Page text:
11. Department of Computational Biology, School of Computer Science, Carnegie Mellon University, Pittsburgh, Pennsylvania, USA.

    • A Ercument Cicek
    •  & Kathryn Roeder
  12. Department of Statistics, Carnegie Mellon University, Pittsburgh, Pennsylvania, USA.

    • Cong Lu
    • , Lu Xie
    •  & Kathryn Roeder
  13. Department of Basic Pharmaceutical Sciences, Fred Wilson School of Pharmacy, High Point University, High Point, North Carolina, USA.

    • Scott E Hemby
  14. Department of Neurosurgery, Cedars-Sinai Medical Center, Los Angeles, California, USA.

    • Konrad Talbot
  15. Department of Neuroscience, Icahn School of Medicine at Mount Sinai, New York, New York, USA.

    • Towfique Raj
    • , Vahram Haroutunian
    •  & Kristen J Brennand
  16. The Broad Institute of MIT and Harvard, Cambridge, Massachusetts, USA.

    • Towfique Raj
    •  & Philip L De Jager
  17. Rush Alzheimer's Disease Center, Rush University Medical Center, Chicago, Illinois, USA.

    • David A Bennett
  18. Departments of Neurology and Psychiatry, Brigham and Women's Hospital, Boston, Massachusetts, USA.

    • Philip L De Jager
  19. Department of Genetics, University of North Carolina at Chapel Hill, Chapel Hill, North Carolina, USA.

    • Patrick F Sullivan
  20. Department of Medical Epidemiology and Biostatistics, Karolinska Institutet, Stockholm, Sweden.

    • Patrick F Sullivan
  21. Department of Developmental and Regenerative Biology, Icahn School of Medicine at Mount Sinai, New York, New York, USA.

    • Andrew Chess
  22. CNS Drug Discovery Unit, Pharmaceutical Research Division, Takeda Pharmaceutical Company Limited, Fujisawa, Kanagawa, Japan.

    • Leslie A Shinobu
    •  & Keisuke Hirai
  23. Integrated Technology Research Laboratories, Pharmaceutical Research Division, Takeda Pharmaceutical Company Limited, Fujisawa, Kanagawa, Japan.

    • Hiroyoshi Toyoshiba
  24. Neuropsychiatry Section, Department of Psychiatry, Perelman School of Medicine, University of Pennsylvania, Philadelphia, Pennsylvania, USA.

    • Raquel E Gur
  25. Neuropsychiatric Signaling Program, Department of Psychiatry, Perelman School of Medicine, University of Pennsylvania, Philadelphia, Pennsylvania, USA.

    • Chang-Gyu Hahn
  26. Department of Cell Biology and Pediatrics, Duke University, Durham, North Carolina, USA.

    • Nicholas Katsanis
  27. Laboratory of Neurogenomic Biomarkers, Centre for Integrative Biology (CIBIO), University of Trento, Trento, Italy.

    • Enrico Domenici
  28. Department of Human Genetics, University of Pittsburgh, Pittsburgh, Pennsylvania, USA.

    • Bernie Devlin

Authors

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Contributions

P.R., J.S.J., K.T., R.E.G., C.-G.H., D.A.L., V.H., B.K.L. and J.D.B. contributed to sample collection. S.E.H. contributed monkey brain tissue and P.F.S. contributed mouse data. M.F., P.R., S.K.S., D.H.K., T.M.P., D.M.R., K.K.D., E.C.O., A.T., T.C., M.A.P., E.D., B.D. and P.S. contributed to the writing of this manuscript. M.F., P.R., S.K.S., H.R.S., D.M.R., K.K.D., M.C.M., J.M.J.D., A.C., S.M.P., L.A.S., L.M.M., H.T., D.A.L., M.A.P., J.D.B., E.E.S., K.H., K.J.B., N.K., B.D. and P.S. contributed to experimental and study design and planning analytical strategies. L.A.S., H.T., D.A.L., B.K.L., J.D.B., E.E.S., K.H., E.D., B.D. and P.S. contributed the funding of this work. M.F., P.R., S.K.S., J.S.J., D.H.K., T.M.P., D.M.R., H.R.S., L.L.K., R.K., D.P., Z.H.G., A.E.C., L.X., A.C., K.K.D., A.B., C.L., B.R., E.A.S., T.H., J.F.F., Y.-C.W., J.T.D., B.A.L., T.R., J.Z., B.Z., P.F.S., S.M.P., E.E.S., K.R., E.D., B.D. and P.S. contributed to data analyses. E.C.O., A.T., J.X., M.P., K.J.B. and N.K. contributed to the model system experiments. T.R., D.A.B., P.L.D.J. contributed the ROS/MAP data. A.C., L.A.S., L.M.M., H.T., R.E.G., C.-G.H., D.A.L., M.A.P., B.K.L., J.D.B., K.H., E.E.S., E.D., B.D. and P.S. contributed to the management and leadership of phase 1 of the CommonMind Consortium.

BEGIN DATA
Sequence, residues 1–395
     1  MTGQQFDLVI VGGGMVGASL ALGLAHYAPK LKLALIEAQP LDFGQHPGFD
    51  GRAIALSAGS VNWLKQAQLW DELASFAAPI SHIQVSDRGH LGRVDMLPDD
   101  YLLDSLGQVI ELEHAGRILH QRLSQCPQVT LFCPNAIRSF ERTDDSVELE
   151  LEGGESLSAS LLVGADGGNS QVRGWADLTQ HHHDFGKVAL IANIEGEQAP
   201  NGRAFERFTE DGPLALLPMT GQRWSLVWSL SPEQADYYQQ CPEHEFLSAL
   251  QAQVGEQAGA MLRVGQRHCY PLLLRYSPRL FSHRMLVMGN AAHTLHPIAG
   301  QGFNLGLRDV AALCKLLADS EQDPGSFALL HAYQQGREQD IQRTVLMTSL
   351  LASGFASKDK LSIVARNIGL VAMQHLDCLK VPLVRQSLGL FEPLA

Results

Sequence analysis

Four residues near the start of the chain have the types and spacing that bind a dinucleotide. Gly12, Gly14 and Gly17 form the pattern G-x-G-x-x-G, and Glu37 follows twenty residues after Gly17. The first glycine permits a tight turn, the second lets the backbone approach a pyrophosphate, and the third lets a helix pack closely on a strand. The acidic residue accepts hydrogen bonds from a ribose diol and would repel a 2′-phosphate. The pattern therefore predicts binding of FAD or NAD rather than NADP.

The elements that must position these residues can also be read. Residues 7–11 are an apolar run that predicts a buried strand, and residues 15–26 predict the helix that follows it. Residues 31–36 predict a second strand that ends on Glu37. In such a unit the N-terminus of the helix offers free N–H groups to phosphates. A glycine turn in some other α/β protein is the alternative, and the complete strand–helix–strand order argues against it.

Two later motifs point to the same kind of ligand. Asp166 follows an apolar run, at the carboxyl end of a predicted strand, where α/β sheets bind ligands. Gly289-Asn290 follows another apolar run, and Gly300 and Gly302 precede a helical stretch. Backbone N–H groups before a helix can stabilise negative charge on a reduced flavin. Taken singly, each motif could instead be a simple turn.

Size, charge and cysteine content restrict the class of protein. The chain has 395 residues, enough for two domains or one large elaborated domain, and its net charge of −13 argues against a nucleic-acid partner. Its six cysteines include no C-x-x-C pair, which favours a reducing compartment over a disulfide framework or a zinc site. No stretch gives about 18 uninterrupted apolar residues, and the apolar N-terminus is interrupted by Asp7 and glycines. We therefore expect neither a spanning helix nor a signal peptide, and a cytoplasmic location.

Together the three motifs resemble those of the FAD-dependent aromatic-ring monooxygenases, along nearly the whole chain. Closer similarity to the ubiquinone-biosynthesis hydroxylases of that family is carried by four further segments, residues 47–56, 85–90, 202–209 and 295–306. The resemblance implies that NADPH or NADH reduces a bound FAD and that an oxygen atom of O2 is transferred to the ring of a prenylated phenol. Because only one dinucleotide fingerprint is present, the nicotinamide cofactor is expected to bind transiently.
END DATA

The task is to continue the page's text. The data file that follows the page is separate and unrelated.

Competing interests

E. Dominici was an employee of F. Hoffmann-La Roche for the first portion of the study and later served as a consultant to Roche in the area of genetic biomarkers. H. Toyoshiba and K. Hirai are employees of Takeda Pharmaceutical Company Limited and L.A. Shinobu is a former employee. D.A.L. currently receives investigator-initiated research support from Pfizer and from 2012 to 2014 served as a consultant in the areas of target identification and validation and new compound development to Autifony, Bristol-Myers Squibb, Concert Pharmaceuticals and Sunovion. M. Fromer was an employee of Mount Sinai until April 2016; he is now an employee of Google Verily.

Corresponding author

Correspondence to Pamela Sklar.

Integrated supplementary information

Supplementary information

PDF files

  1. 1.

    Supplementary Text and Figures

    Supplementary Figures 1–12, Supplementary Information, and Supplementary Tables 1–3

  2. 2.

    Supplementary Methods Checklist

Excel files

  1. 1.

    Supplementary Data File 1

    Published post-mortem genome-wide differential gene expression studies in schizophrenia

  2. 2.

    Supplementary Data File 2

    Summary of regions with genes ranked highly by Sherlock; Genes with max-eQTL ranked as credible by PGC SCZ2 GWAS data; Isoforms with max-eQTL ranked as credible by PGC SCZ2 GWAS data

  3. 3.

    Supplementary Data File 3

    Differentially expressed genes; Differentially expressed isoforms; Comparison of CMC and HBCC

  4. 4.

    Supplementary Data File 4

    Enrichment of differential expression in hypothesis-driven and hypothesis-free gene sets

  5. 5.

    Supplementary Data File 5

    Module assignments and connectivity values in the control network; Module assignments and connectivity values in the schizophrenia network

  6. 6.

    Supplementary Data File 6

    Overlap of differentially expressed genes with modules in the control network; Overlap of differentially expressed genes with modules in the case network

  7. 7.

    Supplementary Data File 7

    Geneset enrichment for modules in the control network; Geneset enrichment for modules in the schizophrenia network

About this article

Publication history

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Accepted

Published

DOI

https://doi.org/10.1038/nn.4399